If a single node fails, then a few things happen. First, if on that node
there were some elected primary shards, then a replica shard on the rest of
the nodes will be promoted to primary. Also, the shards allocated on that
node will begin to be allocated on the rest of the nodes (throttled).
When the node comes back, then it will join the cluster, and, will start
to be assigned shards. If not all shards from that node have been assigned
yet to the rest of the cluster, then they will favor to be allocated on that
node, if they have similar data (checksumed index file).
In general, the above logic is more generic in elasticsearch. When a
replica shard is going through the allocation logic, it will favor first to
be allocated on a node that has the closest matching index files against the
relevant primary shard, so to reduce the amount of data to transfer from the
primary shard to the replica shard.
On Mon, Aug 1, 2011 at 8:34 AM, Paul Smith firstname.lastname@example.org wrote:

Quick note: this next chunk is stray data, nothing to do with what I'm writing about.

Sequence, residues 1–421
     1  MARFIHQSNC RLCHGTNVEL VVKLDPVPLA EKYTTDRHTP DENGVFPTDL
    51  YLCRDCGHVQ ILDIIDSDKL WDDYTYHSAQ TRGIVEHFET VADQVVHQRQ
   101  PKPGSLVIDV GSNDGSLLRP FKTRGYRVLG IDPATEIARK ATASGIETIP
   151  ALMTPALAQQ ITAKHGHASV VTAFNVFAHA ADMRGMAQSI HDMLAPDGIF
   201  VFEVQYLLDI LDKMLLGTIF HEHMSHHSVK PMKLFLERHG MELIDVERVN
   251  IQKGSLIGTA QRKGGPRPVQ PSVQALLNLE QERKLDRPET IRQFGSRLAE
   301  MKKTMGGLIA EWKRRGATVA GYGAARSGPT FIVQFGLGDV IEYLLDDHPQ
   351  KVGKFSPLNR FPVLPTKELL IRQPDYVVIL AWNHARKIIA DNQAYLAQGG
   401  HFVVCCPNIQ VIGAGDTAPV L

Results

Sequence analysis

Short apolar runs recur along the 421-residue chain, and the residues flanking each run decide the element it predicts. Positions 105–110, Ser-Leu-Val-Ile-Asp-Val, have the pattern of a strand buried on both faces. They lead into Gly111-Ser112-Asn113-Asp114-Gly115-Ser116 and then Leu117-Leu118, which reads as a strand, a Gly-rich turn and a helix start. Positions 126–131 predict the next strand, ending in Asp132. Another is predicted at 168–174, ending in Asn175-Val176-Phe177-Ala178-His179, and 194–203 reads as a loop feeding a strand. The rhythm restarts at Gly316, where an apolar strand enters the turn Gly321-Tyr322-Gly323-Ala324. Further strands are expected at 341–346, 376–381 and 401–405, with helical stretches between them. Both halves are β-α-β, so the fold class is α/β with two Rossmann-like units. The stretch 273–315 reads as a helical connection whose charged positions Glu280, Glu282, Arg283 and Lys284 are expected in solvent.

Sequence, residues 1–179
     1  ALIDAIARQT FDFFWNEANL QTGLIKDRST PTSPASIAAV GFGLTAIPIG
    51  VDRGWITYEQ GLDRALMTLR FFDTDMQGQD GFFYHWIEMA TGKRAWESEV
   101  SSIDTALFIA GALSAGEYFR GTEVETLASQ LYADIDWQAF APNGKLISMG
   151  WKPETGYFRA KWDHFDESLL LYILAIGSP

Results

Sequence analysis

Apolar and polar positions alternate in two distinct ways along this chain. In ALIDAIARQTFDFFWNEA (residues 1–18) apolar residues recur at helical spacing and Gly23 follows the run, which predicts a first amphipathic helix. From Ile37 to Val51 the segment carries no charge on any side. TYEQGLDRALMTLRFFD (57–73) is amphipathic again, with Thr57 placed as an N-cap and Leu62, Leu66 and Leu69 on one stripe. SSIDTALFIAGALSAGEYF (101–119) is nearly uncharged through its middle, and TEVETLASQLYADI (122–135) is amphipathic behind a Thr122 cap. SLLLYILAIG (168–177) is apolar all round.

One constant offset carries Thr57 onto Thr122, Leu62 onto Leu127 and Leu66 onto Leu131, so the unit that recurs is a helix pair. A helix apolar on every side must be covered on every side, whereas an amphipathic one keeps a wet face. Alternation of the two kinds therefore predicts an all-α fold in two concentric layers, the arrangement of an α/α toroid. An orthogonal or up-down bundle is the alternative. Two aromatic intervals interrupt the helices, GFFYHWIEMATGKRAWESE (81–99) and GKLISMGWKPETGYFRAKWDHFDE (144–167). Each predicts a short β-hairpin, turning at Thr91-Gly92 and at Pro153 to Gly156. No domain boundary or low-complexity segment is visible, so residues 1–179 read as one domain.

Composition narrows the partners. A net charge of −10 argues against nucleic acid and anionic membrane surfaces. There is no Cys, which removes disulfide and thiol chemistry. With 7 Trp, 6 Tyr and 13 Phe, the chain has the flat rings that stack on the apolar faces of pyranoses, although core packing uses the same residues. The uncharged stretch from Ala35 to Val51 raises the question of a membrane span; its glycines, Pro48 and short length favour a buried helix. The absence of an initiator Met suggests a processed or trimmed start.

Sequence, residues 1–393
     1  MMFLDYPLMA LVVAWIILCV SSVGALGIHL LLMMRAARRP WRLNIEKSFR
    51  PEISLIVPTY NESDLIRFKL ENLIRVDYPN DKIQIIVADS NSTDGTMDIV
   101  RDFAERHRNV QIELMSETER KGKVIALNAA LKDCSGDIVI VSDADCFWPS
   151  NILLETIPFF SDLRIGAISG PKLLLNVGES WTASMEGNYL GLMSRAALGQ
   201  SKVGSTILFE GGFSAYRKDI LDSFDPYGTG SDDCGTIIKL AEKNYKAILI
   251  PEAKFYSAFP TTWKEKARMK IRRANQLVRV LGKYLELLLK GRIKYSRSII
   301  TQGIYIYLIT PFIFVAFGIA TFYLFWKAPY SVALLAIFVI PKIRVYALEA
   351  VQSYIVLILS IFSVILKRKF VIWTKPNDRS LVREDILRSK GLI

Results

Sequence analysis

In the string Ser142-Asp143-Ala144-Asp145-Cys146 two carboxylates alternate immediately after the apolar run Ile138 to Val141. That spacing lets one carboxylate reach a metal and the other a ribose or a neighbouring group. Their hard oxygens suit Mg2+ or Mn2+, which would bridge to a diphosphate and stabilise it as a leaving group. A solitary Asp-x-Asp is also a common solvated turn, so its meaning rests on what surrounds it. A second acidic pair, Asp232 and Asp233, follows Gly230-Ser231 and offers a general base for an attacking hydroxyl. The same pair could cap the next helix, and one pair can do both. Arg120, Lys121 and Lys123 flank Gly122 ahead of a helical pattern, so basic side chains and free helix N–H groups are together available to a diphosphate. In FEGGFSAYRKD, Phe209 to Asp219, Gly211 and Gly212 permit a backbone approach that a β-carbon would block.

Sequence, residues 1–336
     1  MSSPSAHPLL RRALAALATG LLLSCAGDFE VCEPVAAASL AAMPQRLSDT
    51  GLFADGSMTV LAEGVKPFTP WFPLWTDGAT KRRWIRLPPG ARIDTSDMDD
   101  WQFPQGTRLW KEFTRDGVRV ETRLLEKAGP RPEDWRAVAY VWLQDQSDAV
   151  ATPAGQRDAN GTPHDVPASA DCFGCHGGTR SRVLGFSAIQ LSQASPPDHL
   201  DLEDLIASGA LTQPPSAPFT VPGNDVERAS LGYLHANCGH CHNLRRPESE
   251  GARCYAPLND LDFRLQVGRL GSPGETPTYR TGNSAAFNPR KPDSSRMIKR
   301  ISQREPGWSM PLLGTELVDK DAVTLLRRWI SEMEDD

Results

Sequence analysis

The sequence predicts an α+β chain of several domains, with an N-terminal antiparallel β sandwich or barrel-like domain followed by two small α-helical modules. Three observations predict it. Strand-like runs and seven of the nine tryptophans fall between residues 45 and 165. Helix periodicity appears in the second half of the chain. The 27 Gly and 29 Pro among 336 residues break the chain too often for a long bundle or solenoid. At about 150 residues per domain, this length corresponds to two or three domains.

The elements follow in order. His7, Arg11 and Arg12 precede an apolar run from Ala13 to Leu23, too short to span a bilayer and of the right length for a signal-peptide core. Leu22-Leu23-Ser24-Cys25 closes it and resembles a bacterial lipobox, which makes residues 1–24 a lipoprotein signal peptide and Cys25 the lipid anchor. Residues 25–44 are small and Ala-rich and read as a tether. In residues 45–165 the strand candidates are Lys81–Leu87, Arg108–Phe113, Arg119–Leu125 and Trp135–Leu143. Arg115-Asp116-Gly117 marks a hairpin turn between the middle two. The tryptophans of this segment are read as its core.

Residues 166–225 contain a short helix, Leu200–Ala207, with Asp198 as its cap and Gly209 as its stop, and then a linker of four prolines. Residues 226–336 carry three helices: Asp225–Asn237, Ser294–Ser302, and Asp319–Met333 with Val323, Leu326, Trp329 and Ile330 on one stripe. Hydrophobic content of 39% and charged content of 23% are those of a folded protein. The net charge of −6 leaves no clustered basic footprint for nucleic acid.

Had an interesting question I couldn't answer today. When an existing node
of a cluster is shutdown, or it is terminated, when it starts up again, it
will goes through a recovery phase. Just wanted to understand a little bit
more about what checks a node does to check whether it has valid state, and
how it rebuilds it's shard meta-data and content if it's not.
In a fairly static index that doesn't change, is there a fast path to
confirm that said recovering node has indeed got the latest info and there's
no need to re-replicate anything? Are existing replicas used as a source
for copying info, or does it always favour retrieving from the master shard
node (for a given shard)?
This is the meat and potatoes of what ES is doing for us, and on the one
hand, "we shouldn't need to know", but...